As some of you know, I have ties to the local 2600 group here in Chicago. Now, those of you who know me know I’m anything BUT a budding computer criminal, as are most of the people I interact with there. There’s an astonishing variety of interests there, and, over the last three or so years, we’ve built the group into something to be proud of.
We have a great venue in the Neighborhood Boys and Girls Club. The people running the club like us and are genuinely interested in what we have to say and offer. And, as a result, we’re been pushing like hell to help them out in various areas where our myriad levels of technical expertise can assist them.
The rules are fairly simple. The 2600 meeting guidelines are as follows.
- We meet in a public area. Nobody is excluded. We have nothing to hide and we don’t presume to judge who is worthy of attending and who is not. If law enforcement harasses us, it will backfire as it did at the infamous Washington DC meeting in 11/92. (You can find more information on this event in the Secret Service section of our web site.)
- We act in a responsible manner. We don’t do illegal things and we don’t cause problems for the place we’re meeting in. *Most* 2600 meetings are welcomed by the establishments we choose.
- We meet on the first Friday of the month between 5 pm and 8 pm local time. While there will always be people who can’t make this particular time, the same will hold true for *any* time or day chosen. By having all of the meetings on the same day, it makes it very easy to remember, opens up the possibility for inter-meeting communication, and really causes hell for the federal agencies who want to monitor everything we do. (A few meetings have slight variations on the meeting time – these are noted accordingly.)
- While meetings are not limited to big cities, most of them take place in large metropolitan areas that are easily accessible.While it’s convenient to have a meeting in your home town, we encourage people to go to meetings where they’ll meet people from as wide an area as possible. So if there’s a meeting within an hour or two of your town, go to that one rather than have two smaller meetings fairly close to each other. You always have the opportunity to get together with “home town hackers” any time you want.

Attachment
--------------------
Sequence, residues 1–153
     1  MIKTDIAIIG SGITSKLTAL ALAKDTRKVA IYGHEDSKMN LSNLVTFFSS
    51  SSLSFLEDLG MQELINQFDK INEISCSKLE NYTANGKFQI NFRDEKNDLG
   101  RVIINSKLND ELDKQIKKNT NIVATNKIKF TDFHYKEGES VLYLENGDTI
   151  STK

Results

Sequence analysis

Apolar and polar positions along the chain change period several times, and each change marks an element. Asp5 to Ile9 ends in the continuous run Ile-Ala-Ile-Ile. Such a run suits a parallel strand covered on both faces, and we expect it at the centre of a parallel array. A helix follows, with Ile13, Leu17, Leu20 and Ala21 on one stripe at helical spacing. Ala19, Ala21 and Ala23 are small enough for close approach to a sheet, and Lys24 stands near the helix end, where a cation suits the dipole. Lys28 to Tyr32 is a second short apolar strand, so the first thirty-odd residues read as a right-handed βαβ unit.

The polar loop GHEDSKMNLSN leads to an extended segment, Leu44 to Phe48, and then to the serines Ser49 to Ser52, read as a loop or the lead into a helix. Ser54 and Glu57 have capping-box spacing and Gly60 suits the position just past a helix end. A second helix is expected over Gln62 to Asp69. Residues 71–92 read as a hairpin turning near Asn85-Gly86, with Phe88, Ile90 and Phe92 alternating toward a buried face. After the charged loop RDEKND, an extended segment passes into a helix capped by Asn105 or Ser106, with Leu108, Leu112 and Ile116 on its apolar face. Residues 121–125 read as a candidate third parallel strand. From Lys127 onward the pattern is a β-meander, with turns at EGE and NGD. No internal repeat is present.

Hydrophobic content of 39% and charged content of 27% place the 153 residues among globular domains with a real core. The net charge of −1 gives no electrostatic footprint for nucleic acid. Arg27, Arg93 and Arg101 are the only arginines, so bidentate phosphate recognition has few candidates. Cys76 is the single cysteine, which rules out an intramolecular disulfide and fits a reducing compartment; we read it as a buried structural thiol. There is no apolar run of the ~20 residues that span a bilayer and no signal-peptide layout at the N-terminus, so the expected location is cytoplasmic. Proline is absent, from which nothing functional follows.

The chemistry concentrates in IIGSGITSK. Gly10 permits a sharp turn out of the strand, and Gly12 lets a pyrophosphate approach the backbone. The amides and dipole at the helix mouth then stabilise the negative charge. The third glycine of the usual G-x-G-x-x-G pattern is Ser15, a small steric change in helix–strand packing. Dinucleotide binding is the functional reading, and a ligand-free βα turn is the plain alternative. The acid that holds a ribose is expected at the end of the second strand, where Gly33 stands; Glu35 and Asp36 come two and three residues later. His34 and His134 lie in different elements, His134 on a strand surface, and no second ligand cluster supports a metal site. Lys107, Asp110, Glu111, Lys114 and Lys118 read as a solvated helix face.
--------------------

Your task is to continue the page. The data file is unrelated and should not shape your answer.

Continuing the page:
- All meetings *must* contact us to let us know how things are going even if nothing unusual is happening. If we don’t hear from your city on a regular basis, we’ll have to stop publicizing the site since telling people to go to where no meeting is really doesn’t do anyone a service. You can email us at firstname.lastname@example.org@2600.com or call us at (631) 751-2600. We also need a way of getting back in touch with you. Anyone can have meetings and set whatever rules they wish. However, if they’re going to be affiliated with 2600, we ask that these few guidelines be observed. Thanks.
As noted, we have set a few additional rules. Mainly those requested by our venue.
- No smoking in the building. Smoking may be done outside however.
- No alcohol or drugs. This is a Boys and Girls Club.
However, recently, we’ve run into problems with a certain small group of people at the meetings. The worst of this group has been an individual by the name of Jeremy Hammond. And in the past few months:
He has rooted boxes owned by the BGC. Not bad in and of itself. However, on several occasions he’s done this without express permission. And, afterwards, he’s left the boxes in a compromised state and refused to clean it up. This has cost valuable man-hours of labor restoring the systems to a working configuration.